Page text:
When you have the most successful rugby championship on earth, when your stadiums are full to capacity, when broadcasters are falling over themselves to secure rights and when you are making money by the truckload, then who do you want to fall in step with anyway? There's no point in banging on about the Six Nations' uniqueness if you then try to erode that very quality by mimicking everyone else.

There is no question that bonus points have added value in other competitions. They give interest to otherwise meaningless matches and reward an attacking mentality. But I tend to think they are better suited to the marathon format of league campaigns than short sprints where only a handful of teams are involved. In deciding places across Heineken Cup groups, they can have a skewing effect. The fact that the Six Nations is not played on a home-and-away basis is another powerful argument against.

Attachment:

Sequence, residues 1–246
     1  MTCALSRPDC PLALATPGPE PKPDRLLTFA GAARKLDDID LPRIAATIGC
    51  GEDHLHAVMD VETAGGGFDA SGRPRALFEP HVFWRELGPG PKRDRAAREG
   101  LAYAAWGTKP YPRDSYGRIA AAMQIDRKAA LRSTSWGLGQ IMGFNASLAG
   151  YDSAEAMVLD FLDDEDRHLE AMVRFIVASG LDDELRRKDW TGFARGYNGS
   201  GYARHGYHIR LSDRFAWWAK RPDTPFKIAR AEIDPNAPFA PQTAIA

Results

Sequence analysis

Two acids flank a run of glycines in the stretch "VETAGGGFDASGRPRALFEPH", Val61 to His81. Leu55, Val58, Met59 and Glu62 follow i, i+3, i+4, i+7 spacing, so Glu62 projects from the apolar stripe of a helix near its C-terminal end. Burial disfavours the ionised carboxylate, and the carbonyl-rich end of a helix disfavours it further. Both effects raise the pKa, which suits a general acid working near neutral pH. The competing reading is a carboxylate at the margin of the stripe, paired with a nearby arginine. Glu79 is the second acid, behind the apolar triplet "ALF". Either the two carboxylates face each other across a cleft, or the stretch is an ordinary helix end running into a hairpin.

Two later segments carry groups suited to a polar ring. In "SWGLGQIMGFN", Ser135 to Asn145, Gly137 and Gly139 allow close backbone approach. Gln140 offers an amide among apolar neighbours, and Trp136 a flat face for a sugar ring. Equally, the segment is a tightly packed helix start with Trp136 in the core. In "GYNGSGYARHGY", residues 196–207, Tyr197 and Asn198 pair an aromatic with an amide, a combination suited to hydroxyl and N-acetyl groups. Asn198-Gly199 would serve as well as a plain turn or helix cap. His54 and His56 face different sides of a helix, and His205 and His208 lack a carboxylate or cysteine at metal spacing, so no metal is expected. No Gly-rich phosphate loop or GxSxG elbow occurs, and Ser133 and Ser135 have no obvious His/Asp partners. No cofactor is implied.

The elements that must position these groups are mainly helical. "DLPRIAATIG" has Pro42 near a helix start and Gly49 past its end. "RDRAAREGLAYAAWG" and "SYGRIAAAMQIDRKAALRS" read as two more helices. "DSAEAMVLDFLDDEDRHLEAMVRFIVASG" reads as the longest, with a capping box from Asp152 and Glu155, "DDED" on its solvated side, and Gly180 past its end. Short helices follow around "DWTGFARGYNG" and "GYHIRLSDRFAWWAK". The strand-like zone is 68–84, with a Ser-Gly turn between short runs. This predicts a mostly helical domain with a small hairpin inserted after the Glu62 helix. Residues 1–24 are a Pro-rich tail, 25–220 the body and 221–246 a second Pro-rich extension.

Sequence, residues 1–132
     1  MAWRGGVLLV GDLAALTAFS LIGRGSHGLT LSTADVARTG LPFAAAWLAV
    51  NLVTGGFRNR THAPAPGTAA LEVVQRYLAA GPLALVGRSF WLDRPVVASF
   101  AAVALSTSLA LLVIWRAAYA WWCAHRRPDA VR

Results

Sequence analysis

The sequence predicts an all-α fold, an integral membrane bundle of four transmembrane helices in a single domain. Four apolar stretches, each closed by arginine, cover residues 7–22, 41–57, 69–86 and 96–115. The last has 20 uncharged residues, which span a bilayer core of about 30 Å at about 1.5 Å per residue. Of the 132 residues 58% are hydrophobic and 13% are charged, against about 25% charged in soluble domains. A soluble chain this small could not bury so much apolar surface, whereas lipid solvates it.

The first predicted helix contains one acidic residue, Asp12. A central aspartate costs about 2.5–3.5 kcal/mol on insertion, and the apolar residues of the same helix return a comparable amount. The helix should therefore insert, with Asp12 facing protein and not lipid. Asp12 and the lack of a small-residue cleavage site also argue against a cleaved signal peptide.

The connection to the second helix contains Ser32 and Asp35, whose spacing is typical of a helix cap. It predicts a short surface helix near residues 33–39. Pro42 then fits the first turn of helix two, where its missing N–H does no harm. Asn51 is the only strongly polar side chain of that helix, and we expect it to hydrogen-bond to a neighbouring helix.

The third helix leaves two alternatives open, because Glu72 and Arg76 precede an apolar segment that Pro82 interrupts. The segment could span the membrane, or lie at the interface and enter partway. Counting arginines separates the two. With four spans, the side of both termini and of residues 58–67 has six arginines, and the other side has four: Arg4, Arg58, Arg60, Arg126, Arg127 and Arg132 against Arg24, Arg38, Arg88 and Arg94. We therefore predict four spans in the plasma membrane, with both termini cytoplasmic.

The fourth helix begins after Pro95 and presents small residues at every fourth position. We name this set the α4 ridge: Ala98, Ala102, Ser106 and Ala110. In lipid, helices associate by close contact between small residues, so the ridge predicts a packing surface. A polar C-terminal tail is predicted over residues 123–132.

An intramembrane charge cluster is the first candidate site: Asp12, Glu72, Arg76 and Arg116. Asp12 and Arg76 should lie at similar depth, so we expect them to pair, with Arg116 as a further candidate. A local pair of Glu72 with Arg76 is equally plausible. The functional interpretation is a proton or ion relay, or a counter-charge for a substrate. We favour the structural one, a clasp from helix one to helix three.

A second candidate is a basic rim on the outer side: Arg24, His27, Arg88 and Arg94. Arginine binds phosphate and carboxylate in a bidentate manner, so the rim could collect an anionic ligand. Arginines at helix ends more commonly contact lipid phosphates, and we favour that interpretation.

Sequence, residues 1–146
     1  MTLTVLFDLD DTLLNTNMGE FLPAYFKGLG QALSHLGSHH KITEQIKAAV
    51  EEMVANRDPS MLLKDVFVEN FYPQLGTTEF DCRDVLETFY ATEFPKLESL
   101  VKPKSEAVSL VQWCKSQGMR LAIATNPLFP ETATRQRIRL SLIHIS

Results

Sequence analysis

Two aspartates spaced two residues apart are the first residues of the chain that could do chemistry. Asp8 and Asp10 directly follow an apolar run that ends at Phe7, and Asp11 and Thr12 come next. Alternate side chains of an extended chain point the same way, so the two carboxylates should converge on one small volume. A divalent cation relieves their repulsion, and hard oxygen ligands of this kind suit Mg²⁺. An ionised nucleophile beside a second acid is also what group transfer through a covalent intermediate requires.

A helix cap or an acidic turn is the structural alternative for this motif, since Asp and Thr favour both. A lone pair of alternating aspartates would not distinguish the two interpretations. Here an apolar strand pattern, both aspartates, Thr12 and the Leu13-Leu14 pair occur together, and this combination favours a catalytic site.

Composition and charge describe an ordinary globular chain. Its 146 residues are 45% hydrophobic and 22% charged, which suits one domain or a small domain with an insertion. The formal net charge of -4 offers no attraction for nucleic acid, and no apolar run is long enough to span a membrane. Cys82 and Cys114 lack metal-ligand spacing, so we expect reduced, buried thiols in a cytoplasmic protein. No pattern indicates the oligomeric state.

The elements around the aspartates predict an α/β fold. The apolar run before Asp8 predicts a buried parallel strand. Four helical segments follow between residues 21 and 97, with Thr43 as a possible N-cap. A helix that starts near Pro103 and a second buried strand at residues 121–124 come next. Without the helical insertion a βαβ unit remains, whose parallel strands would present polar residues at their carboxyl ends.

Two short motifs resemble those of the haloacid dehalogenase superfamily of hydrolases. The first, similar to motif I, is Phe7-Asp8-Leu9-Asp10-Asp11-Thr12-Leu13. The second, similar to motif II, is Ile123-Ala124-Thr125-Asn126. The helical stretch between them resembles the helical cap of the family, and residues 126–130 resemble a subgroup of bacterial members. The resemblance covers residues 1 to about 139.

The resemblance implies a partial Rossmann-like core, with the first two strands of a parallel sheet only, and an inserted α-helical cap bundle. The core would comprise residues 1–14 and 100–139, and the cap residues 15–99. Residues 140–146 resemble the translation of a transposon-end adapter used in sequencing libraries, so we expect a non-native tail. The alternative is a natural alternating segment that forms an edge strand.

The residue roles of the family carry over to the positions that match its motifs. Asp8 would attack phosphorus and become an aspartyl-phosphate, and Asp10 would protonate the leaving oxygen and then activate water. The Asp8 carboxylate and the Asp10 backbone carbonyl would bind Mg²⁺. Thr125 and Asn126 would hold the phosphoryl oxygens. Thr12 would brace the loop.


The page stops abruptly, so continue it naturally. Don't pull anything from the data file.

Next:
Had bonus points been in operation last year, then six would have been awarded for tight results, and only two for scoring four tries.

Does anyone think that those magnificent, attritional, confrontational contests would have been improved by a glut of touchdowns?

Does anyone really think that England deserved to win?